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HRA has ‘been a success on its own terms’ and ‘is an integral part of UK devolution’

HRA has ‘been a success on its own terms’ and ‘is an integral part of UK devolution’

University of Exeter

4 min read Partner content

The Deputy Head of the University of Exeter Law School Richard Edwards offers his thoughts on proposed changes to the Human Rights Act and replacing it with a new British Bill of Rights.


Without doubt the Cameron Government enjoys a penchant for the unnecessary. We are currently enjoying an unnecessary referendum on British membership of the European Union. Now we face an unnecessary constitutional change for the Lord Chancellor has announced a consultation into scrapping the Human rights Act (1998), and replacing it with a British Bill of Rights.  In short, the proposals are intended to water down the legal protection. The justifications for this fundamental change are both wholly unconvincing, and in many senses nonsensical.

The Human Rights Act is already a modest bill of rights. Intended by its framers to provide a domestic means of handling cases that previously only went to Strasbourg, the Act has become a quiet success providing practical justice for British citizens. The HRA does this in a peculiarly British way for while the Act asserts and protect Parliamentary sovereignty it enables the courts to consider the sorts of cases that had to be taken to the European Court in Strasbourg. This careful framed law was not introduced in a hurry. This important constitutional reform had been long in gestation, and been the subject of much debate. Indeed, there had been almost annual attempts for twenty years to incorporate the ECHR in a variety of forms. The Act itself was subject to much debate during its unexceptional passage through Parliament.

Unsurprisingly, the HRA replicates many of the features of the Strasbourg Court such as limited remedies and standing. Throughout this it must be kept in mind that a person can only petition the European Court when their domestic means of redress have been exhausted. There is no appeal. Indeed, the European Court refuses to hear the overwhelming majority of applications. Of those that make it to a full hearing only a handful each year result in an adverse finding by the Court. The European Court is a watchdog that only barks when states have failed to abide by their commitment to protect the rights and freedoms of the ECHR within their domestic legal systems. And while the watchdog can bark, it cannot bite deeply for the remedies for the successful applicant to the Court are limited to a declaration and modest damages. The HRA compliments British membership of the ECHR perfectly, just as its framers intended. There is no case for repeal.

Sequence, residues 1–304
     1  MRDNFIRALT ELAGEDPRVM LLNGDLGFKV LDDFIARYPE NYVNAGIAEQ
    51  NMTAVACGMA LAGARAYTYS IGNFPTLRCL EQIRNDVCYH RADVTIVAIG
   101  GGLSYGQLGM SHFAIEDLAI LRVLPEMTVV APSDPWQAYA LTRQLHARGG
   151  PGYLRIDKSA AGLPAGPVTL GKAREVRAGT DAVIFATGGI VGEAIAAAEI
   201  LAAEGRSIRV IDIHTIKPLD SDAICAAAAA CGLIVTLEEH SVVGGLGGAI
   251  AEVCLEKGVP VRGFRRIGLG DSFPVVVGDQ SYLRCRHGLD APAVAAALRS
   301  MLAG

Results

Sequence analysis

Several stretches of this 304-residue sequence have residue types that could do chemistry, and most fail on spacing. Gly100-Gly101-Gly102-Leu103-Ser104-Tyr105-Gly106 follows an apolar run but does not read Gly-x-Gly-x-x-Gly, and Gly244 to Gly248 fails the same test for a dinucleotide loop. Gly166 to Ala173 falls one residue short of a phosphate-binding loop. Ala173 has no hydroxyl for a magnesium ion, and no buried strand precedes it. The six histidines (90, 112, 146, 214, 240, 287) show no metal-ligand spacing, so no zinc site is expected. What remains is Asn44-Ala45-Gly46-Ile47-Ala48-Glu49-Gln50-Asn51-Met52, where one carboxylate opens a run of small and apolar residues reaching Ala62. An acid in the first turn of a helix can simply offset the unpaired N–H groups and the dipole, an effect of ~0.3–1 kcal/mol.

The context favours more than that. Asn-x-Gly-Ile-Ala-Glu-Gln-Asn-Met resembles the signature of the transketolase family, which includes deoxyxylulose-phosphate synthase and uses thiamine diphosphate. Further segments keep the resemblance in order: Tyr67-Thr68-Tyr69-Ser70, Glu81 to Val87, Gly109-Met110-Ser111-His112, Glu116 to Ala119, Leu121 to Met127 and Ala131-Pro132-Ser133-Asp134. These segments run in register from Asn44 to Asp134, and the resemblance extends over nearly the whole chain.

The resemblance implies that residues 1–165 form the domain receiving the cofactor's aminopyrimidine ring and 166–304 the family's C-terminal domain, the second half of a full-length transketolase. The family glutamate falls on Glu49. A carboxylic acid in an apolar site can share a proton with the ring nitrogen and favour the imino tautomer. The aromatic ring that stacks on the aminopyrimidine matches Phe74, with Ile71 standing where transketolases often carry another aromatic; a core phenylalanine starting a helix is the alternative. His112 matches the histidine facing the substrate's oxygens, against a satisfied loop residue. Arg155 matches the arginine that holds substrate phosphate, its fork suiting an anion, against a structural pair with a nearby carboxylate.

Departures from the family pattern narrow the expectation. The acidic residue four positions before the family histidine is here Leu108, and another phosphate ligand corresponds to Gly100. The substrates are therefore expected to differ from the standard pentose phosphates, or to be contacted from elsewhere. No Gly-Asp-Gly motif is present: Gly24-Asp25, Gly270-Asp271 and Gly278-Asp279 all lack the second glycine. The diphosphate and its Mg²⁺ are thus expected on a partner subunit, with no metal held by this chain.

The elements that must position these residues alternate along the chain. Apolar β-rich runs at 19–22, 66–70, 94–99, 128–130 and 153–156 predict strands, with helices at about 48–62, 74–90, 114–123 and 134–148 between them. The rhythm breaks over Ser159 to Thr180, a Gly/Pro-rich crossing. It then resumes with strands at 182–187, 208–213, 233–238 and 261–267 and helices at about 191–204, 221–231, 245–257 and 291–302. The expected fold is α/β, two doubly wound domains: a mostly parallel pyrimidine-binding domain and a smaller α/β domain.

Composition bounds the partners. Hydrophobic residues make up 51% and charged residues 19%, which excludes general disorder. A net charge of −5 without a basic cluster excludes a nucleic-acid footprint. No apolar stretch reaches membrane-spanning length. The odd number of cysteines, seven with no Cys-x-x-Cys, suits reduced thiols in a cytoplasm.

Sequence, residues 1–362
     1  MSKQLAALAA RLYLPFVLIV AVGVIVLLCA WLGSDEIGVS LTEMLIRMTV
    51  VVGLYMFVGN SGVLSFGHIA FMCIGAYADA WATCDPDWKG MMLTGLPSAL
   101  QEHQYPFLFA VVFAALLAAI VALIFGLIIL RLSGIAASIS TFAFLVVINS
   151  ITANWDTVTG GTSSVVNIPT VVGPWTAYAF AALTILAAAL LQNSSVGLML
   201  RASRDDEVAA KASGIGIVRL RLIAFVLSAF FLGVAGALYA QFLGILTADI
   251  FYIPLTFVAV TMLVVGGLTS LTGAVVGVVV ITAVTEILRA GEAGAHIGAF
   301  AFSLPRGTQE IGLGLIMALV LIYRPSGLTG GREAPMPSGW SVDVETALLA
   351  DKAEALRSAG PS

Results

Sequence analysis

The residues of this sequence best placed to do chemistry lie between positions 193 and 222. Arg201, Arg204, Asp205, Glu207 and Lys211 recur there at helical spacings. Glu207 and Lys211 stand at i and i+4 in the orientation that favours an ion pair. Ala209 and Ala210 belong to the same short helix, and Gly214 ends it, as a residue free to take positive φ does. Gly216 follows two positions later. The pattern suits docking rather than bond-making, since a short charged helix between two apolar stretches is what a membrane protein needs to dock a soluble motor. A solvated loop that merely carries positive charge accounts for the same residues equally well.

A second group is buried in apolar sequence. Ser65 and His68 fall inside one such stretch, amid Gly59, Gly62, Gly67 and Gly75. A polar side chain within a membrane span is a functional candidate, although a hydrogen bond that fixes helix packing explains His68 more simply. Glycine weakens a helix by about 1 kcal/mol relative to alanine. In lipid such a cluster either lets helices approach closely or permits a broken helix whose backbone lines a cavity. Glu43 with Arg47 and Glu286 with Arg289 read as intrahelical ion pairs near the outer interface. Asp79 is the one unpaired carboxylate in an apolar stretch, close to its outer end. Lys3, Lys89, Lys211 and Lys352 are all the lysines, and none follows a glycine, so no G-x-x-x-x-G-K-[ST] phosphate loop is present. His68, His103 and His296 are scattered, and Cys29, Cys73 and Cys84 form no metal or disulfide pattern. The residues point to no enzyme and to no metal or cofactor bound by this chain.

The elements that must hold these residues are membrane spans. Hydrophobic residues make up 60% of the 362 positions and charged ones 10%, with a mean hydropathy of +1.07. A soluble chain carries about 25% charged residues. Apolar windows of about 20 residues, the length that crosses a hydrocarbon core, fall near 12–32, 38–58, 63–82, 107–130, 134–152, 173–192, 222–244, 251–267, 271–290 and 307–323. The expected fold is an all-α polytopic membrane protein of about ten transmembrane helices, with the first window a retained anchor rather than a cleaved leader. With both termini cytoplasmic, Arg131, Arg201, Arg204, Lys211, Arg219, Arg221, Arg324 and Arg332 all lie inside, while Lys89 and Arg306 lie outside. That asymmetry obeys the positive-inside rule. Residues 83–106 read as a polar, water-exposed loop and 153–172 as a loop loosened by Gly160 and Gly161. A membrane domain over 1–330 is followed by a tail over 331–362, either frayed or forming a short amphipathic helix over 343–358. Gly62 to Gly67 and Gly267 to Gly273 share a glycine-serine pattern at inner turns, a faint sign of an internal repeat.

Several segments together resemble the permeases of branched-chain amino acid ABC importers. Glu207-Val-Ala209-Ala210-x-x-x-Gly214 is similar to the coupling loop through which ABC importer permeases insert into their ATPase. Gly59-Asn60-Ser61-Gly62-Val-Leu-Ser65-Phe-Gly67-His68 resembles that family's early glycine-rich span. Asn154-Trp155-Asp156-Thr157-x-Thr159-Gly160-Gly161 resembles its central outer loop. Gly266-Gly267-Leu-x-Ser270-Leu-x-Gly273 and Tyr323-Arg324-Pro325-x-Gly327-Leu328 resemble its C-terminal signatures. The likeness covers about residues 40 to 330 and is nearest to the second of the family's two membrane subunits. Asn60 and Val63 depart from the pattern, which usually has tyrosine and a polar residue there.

It has been often claimed that the rights protected by the HRA are seen as ‘foreign’. The rights are anything but, with the ECHR providing a distillation of the common law rights and practices. This is not surprisingly given the leading role that British lawyers played in drafted the ECHR. Affirming these rights once more, as the Government proposes to do, is nothing but an act of legislative window dressing.

One of the most heralded features of the new British Bill of Rights will be its intention to make the UK Supreme Court supreme again. Section 2 of the HRA requires the courts to consider the jurisprudence of the European Court where it may be relevant to proceedings before it. It is hardly surprising. The ECHR and its jurisprudence go hand in glove. Section 2 is viewed by the Government as a shackle tying British courts to jurisprudence that is at times inappropriate if not dangerous. But as the Government knows full well in practice British courts have engaged in a constructive dialogue with Strasbourg. In most cases there has been little difficult in considering the jurisprudence of Strasbourg. But there have been cases where the courts consider the rulings of Strasbourg inappropriate they have refused to apply them. It is not clear in this area, as in other, why this change is necessary.

To implement these cosmetic and unnecessary changes the Government proposes to repeal an Act that has not only been a success on its own terms, but also forms an integral part of the various devolution settlements. Arguably without the consent of those devolved nations any changes would be illegitimate and dangerous to the integrity of the Union.

In all this the principal purpose animating the desire to replace the HRA and replace it with a bumper sticker bill of rights is undoubtedly political for there are no serious legal arguments driving this reform. Repealing the HRA is no doubt seen as means of providing possible form of catharsis for the Tory right in the eventuality it loses the Brexit referendum. But in any case the Bill will undoubtedly face a rough legislative passage in the House of Lords. Deservedly so.

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